Felix Kubin, Geneva Cave 12, 4 May 2017

One of the most pleasant surprises I’ve had since moving to Geneva has been the discovery of the music venue Cave 12. At first sight a close relative of the Rhiz in Vienna, on further inspection Cave 12 is actually outdoing the Rhiz these days in terms of its ability to attract some of the key names in experimental music. I’m still reeling from Richard Youngs’ extraordinary concert there in February, while performances by Peter Rehberg, Tyondai Braxton (which I never got around to reviewing; maybe some other time) and the late Mika Vainio weren’t too shabby either.

One key difference between those concerts and Felix Kubin’s appearance at Cave 12 in May was that the venue was absolutely packed out for Kubin, compared to the rather sparse attendance on the other evenings. Prior to the concert I was only vaguely aware of this guy’s work, thanks mainly to a Wire cover story a few years ago. But I’m very glad I took a punt on Kubin, since he gave one of the most enjoyable concerts of the year so far.

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Mika Vainio, Geneva Cave 12, 2 February 2017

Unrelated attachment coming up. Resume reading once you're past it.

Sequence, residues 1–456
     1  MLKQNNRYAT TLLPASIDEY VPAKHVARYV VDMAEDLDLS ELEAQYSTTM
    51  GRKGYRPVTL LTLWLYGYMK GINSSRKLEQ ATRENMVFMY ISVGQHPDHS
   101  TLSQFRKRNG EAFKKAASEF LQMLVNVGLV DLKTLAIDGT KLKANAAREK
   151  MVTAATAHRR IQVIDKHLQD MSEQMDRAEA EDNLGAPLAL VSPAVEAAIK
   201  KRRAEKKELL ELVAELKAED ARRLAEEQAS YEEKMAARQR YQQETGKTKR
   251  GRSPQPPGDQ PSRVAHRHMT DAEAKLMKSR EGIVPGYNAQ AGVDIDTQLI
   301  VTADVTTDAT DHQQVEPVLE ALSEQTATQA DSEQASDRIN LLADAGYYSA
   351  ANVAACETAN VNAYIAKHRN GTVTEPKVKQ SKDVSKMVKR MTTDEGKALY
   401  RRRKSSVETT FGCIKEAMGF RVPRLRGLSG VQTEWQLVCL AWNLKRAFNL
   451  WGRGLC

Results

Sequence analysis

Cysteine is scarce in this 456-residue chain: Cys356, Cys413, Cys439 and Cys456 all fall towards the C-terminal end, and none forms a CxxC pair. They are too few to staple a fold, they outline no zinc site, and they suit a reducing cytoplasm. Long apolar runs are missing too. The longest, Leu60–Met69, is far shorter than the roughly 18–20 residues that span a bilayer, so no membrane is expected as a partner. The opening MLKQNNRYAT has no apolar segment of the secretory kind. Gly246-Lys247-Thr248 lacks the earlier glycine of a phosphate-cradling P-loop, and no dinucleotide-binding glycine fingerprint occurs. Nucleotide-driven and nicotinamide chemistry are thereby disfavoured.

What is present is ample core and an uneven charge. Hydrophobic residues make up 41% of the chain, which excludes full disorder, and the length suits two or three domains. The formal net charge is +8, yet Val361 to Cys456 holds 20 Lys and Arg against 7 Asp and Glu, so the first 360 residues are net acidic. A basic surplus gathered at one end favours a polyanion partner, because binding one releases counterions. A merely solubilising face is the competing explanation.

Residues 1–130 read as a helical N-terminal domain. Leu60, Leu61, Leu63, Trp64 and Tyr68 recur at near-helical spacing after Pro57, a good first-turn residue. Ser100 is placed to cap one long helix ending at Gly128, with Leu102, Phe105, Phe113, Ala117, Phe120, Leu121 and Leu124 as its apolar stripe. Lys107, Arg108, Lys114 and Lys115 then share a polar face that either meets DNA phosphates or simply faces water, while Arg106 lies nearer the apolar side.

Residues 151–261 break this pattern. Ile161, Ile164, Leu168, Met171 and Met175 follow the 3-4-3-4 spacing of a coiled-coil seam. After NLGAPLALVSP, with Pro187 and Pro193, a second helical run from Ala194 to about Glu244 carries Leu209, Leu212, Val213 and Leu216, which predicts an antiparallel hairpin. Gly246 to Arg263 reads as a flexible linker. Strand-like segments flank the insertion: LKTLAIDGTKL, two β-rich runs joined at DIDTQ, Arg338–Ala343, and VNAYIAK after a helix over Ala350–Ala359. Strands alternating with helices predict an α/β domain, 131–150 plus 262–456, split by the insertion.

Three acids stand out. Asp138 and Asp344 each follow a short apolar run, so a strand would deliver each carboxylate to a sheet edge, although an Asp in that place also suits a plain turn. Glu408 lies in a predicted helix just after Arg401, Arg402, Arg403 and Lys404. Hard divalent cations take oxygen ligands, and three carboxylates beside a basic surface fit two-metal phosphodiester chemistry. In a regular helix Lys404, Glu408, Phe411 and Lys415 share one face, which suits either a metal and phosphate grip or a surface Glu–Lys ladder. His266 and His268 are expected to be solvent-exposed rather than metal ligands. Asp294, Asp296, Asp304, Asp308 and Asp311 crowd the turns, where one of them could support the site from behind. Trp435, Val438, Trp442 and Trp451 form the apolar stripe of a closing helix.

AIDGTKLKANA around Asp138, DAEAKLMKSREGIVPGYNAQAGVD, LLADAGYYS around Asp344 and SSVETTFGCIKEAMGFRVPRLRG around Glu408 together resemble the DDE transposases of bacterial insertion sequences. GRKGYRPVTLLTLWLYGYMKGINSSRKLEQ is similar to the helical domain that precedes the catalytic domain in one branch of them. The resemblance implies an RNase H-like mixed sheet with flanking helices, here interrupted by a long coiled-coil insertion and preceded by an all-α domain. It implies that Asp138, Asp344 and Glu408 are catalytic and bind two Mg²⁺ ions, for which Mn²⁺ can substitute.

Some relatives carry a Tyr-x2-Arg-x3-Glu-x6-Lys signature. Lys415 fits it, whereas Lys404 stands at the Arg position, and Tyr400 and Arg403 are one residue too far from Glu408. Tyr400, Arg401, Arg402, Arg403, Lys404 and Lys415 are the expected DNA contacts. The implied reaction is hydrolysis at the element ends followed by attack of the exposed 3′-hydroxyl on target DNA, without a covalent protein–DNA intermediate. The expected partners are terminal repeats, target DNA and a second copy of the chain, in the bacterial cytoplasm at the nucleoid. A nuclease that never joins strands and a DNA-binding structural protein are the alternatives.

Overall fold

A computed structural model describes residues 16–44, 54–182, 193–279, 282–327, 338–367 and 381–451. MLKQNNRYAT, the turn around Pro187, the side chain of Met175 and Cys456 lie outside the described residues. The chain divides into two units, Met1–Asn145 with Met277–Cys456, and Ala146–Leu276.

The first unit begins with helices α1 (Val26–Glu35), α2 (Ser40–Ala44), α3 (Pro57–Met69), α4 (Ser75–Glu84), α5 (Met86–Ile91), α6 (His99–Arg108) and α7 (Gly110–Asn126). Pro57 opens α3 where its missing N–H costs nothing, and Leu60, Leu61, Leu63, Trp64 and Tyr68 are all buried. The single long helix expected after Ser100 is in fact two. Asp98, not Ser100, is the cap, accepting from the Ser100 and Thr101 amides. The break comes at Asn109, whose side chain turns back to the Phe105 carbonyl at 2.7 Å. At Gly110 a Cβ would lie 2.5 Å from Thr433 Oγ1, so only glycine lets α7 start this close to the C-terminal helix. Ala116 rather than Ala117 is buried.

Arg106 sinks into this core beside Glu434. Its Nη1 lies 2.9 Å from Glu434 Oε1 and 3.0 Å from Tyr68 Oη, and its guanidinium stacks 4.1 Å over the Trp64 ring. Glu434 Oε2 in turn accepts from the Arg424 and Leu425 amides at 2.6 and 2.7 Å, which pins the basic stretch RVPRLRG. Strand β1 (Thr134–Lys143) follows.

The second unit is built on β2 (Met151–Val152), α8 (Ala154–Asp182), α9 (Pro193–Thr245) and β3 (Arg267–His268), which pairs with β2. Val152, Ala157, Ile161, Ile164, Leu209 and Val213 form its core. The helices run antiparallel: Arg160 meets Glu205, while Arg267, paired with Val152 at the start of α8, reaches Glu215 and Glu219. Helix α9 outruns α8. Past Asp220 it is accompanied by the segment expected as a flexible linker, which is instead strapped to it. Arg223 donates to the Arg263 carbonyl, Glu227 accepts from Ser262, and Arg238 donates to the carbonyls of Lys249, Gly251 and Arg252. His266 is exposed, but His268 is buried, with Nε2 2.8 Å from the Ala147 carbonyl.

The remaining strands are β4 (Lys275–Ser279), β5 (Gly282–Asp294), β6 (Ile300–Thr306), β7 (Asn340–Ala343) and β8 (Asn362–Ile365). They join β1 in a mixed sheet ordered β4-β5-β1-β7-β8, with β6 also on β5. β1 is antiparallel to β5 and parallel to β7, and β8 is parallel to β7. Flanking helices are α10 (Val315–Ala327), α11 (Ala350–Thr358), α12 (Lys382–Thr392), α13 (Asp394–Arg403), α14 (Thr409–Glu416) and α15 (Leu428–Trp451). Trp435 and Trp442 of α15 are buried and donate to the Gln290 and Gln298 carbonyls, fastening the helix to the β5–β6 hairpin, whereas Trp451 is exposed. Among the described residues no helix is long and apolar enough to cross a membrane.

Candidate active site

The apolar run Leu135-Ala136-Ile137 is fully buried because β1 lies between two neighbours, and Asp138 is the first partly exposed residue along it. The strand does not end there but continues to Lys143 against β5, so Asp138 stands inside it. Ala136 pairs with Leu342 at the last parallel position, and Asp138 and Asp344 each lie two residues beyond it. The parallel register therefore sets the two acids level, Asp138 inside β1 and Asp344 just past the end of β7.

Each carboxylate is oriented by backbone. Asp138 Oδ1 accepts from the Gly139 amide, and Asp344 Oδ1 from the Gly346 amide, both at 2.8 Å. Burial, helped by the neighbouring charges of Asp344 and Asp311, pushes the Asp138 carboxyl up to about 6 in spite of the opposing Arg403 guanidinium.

Like everyone else who was aware of him and his work, I was deeply saddened by the death earlier this month of Mika Vainio. I didn’t know Mika personally, but I was lucky enough to spend some time with him in 1997, when Panasonic opened for Swans on their “final” European tour, for which I was the merchandise seller. This position meant long hours travelling in a big tour bus, time variously spent watching videos, chatting and sleeping (mostly the latter). Mika was a less frequent participant in these conversations than his Panasonic colleague Ilpo, but when he did join in, his contributions were always worth hearing. On one occasion, the conversation turned (how, I have no idea) to the topic of tenpin bowling. I expressed the opinion, which I still fervently hold, that one’s enjoyment of this game was hampered by its unnecessarily complex scoring system. Mika thought for a moment and then replied lugubriously: “It does not matter what is the score.”

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